Botanical Name :Olea europea
Species: O. europaea
Common Name ::Olive
Habitat :Olive is native to the Mediterranean, Asia and Africa.
The olive tree, Olea europaea, is an evergreen tree or shrub. It is short and squat, and rarely exceeds 8–15 metres (26–49 ft) in height. However, the Pisciottana, a unique variety comprising 40,000 trees found only in the area around Pisciotta in the Campania region of southern Italy often exceeds 8–15 metres (26–49 ft) with correspondingly large trunk diameters. The silvery green leaves are oblong, measuring 4–10 centimetres (1.6–3.9 in) long and 1–3 centimetres (0.39–1.2 in) wide. The trunk is typically gnarled and twisted.
The small white, feathery flowers, with ten-cleft calyx and corolla, two stamens and bifid stigma, are borne generally on the previous year’s wood, in racemes springing from the axils of the leaves.
The fruit is a small drupe 1–2.5 centimetres (0.39–0.98 in) long, thinner-fleshed and smaller in wild plants than in orchard cultivars. Olives are harvested in the green to purple stage. Canned black olives may contain chemicals (usually ferrous sulfate) that turn them black artificially.
Olea europaea contains a seed commonly referred to in American English as a pit or a rock, and in British English as a stone.
There are dozens of ancient olive trees throughout Israel and Palestine whose age has earlier been estimated to be 1,600–2,000 years old; however, these estimates could not be supported by current scientific practices. Ancient trees include two giant olive trees in Arraba and five trees in Deir Hanna, both in the Galilee region, which have been determined to be over 3,000 years old, although there is no available data to support the credibility of the study that produced these age estimates and as such the 3000 years age estimate can not be considered valid. All seven trees continue to produce olives. Several trees in the Garden of Gethsemane (from the Hebrew words “gat shemanim” or olive press) in Jerusalem are claimed to date back to the purported time of Jesus.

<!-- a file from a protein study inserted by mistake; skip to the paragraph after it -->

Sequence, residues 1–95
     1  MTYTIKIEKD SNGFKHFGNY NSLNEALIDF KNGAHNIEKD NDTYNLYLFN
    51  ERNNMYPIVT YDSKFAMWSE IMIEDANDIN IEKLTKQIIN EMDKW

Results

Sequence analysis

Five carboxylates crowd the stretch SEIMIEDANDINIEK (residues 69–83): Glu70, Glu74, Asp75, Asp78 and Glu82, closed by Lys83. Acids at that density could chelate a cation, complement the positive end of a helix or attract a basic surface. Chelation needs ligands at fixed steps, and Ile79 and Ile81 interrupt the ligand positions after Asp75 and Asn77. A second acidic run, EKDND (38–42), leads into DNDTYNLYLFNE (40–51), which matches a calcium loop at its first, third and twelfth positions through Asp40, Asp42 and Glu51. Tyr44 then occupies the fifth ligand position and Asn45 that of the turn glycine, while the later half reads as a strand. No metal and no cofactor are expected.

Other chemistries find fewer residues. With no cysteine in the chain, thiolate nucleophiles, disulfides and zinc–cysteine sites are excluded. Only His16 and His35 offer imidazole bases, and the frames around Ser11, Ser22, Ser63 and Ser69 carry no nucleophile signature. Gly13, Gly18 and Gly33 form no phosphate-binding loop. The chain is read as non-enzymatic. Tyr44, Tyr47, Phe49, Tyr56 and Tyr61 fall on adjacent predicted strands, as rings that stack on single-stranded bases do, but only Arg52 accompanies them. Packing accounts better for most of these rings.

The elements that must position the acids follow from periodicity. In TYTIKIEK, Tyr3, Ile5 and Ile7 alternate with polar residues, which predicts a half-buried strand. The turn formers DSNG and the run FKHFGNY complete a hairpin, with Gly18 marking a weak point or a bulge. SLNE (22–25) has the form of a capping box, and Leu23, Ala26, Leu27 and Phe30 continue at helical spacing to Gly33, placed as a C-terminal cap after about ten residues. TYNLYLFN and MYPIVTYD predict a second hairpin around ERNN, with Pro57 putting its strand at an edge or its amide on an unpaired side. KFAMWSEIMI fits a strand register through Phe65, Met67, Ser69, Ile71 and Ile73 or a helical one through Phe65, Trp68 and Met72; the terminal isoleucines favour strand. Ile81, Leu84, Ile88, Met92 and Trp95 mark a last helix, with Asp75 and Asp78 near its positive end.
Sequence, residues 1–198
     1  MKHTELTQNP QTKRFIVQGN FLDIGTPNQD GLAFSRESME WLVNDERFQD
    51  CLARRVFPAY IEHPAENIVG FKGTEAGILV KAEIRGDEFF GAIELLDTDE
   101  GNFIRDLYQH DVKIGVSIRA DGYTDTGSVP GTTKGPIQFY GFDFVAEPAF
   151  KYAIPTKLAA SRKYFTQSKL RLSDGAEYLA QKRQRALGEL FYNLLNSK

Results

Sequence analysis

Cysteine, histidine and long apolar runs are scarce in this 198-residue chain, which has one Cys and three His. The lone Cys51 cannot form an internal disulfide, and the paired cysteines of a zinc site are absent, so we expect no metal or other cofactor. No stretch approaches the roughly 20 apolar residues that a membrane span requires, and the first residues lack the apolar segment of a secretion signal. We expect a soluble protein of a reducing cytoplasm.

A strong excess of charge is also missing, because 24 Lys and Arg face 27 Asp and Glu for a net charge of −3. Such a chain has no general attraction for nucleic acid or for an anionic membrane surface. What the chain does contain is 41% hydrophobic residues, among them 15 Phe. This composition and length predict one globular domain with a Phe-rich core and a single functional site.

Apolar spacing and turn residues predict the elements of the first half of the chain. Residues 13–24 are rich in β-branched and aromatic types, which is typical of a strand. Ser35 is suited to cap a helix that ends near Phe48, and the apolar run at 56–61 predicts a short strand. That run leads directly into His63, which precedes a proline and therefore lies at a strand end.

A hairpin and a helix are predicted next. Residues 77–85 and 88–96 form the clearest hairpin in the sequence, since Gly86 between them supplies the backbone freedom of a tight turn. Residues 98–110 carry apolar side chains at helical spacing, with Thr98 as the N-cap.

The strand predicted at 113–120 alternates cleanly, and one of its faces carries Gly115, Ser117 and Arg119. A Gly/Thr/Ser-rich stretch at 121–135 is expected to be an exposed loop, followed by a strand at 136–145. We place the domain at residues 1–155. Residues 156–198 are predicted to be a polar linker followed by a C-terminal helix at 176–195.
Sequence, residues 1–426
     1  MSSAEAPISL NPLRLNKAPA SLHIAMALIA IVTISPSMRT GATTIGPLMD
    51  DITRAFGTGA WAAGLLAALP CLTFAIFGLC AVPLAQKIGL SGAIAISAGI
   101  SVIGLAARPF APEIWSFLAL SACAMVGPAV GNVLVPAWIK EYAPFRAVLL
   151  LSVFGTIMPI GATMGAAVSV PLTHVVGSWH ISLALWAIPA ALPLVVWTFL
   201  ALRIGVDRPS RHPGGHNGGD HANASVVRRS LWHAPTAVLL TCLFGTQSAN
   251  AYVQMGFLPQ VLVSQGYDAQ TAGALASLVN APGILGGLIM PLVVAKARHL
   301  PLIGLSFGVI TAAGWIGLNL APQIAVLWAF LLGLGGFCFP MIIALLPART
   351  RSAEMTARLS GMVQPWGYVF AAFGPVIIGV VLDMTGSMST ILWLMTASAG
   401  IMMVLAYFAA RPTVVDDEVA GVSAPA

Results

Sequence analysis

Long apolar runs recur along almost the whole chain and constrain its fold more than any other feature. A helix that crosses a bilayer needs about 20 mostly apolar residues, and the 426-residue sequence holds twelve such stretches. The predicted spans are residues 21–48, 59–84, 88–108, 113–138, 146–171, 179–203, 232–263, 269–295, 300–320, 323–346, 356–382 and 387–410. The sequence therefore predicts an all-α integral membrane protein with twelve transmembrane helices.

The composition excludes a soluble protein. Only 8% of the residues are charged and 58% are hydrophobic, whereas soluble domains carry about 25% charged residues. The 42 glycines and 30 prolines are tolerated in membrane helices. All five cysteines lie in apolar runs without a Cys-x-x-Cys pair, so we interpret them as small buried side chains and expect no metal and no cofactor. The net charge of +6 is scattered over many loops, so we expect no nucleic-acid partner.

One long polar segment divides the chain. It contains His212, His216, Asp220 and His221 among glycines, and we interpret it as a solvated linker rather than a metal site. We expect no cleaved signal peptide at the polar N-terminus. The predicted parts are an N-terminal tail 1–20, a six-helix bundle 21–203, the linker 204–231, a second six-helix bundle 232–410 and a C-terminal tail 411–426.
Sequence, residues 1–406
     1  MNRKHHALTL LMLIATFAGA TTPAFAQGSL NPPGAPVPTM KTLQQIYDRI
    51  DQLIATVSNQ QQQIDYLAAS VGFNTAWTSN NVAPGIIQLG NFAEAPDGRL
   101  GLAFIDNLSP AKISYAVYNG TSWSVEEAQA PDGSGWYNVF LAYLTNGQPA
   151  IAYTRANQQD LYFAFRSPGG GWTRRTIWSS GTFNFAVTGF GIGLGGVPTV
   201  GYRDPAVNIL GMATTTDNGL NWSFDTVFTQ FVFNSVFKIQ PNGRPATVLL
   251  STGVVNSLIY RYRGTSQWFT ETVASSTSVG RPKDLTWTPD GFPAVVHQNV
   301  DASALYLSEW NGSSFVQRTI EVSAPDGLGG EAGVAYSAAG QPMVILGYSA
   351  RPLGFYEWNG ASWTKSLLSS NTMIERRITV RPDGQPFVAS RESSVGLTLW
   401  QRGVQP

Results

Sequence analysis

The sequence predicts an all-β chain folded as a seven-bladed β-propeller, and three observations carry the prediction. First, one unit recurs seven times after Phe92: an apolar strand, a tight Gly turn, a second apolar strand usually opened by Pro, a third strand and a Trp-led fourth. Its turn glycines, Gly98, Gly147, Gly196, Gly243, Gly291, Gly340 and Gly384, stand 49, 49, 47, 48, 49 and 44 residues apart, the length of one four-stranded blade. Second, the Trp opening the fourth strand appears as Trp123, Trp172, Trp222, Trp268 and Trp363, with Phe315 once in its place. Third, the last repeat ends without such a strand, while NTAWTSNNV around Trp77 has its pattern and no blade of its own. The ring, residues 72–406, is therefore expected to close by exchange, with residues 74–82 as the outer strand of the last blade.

Some Italian olive trees are believed to date back to Roman times, although identifying progenitor trees in ancient sources is difficult. A tree located in Santu Baltolu di Carana (municipality of Luras) in Sardinia, Italy, named with respect as the Ozzastru by the inhabitants of the region, is claimed to be 3,000 to 4,000 years old according to different studies. There are several other trees of about 1,000 years old within the same garden. The 15th-century trees of Olivo della Linza located in Alliste province of Lecce in Puglia were noted by Bishop Ludovico de Pennis during his pastoral visit to the Roman Catholic Diocese of Nardò-Gallipoli in 1452
There are six natural subspecies of Olea europaea distributed over a wide range:
*Olea europaea subsp. europaea (Mediterranean Basin)